We expect inflation to decline to an average of 4.4% in FY22, after hovering above the RBI’s 2%-6% target band for much of FY21. Price pressures have moderated, even though both headline and core inflation remain near the upper end of the band. We expect the RBI to keep the policy rate stable in the coming year, following 115bp in cuts since March 2020.
A strengthening of India’s external position in the last year and the relatively closed nature of its capital markets enhance the country’s resilience to bouts of global financial market volatility. Foreign-exchange reserves rose by roughly USD100 billion to USD579 billion in FY21 (12.4 months of current external payments cover). Meanwhile, the current account shifted to an estimated temporary surplus of 0.8% of GDP in FY21, driven largely by a fall in imports. Normalisation of imports in FY22 will drive the current account back to a modest 1.2% of GDP deficit under our forecasts.
The main factors that could, individually or collectively, lead to negative rating action/downgrade:
– Public Finances: Failure to reduce sufficiently the fiscal deficit to a level consistent with putting the general government debt/GDP ratio on a downward trajectory.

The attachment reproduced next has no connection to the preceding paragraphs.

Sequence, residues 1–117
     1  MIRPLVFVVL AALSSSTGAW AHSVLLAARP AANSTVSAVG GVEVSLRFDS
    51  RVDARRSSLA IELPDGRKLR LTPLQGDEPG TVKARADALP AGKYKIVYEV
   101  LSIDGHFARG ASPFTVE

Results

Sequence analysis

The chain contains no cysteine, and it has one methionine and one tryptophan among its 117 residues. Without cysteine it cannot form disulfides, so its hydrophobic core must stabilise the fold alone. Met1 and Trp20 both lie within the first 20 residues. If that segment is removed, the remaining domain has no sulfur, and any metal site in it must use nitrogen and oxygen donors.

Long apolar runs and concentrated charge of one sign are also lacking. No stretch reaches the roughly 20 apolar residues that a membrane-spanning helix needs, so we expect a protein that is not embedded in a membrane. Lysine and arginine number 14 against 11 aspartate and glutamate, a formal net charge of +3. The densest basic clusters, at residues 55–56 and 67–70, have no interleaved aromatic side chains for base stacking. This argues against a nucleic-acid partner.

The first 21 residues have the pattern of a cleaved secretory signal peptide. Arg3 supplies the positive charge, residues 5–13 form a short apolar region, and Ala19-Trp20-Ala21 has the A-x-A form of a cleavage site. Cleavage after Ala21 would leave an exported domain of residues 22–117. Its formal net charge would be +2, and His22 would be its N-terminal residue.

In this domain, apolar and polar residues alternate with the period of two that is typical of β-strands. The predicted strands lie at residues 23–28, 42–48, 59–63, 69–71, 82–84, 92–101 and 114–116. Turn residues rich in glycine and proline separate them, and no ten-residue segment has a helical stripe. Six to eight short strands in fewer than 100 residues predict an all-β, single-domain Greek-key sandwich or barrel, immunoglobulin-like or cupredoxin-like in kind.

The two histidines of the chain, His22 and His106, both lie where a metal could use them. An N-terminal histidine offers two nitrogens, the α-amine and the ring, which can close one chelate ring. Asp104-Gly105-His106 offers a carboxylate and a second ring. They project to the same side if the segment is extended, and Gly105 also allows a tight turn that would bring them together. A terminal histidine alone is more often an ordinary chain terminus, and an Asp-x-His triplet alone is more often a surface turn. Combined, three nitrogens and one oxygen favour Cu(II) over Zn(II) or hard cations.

– Macro: A structurally weaker real GDP growth outlook, for instance due to continued financial-sector weakness or reform implementation that is lacking, which weighs further on the debt trajectory.
The main factors that could, individually or collectively, lead to positive rating action/upgrade are:
– Public Finances: Implementation of a credible medium-term fiscal strategy to bring general government debt down after the pandemic, toward levels of ‘BBB’ category peers.
– Macro: Higher sustained investment and growth rates in the medium term without the creation of macroeconomic imbalances, such as from successful structural reform implementation and a healthier financial sector.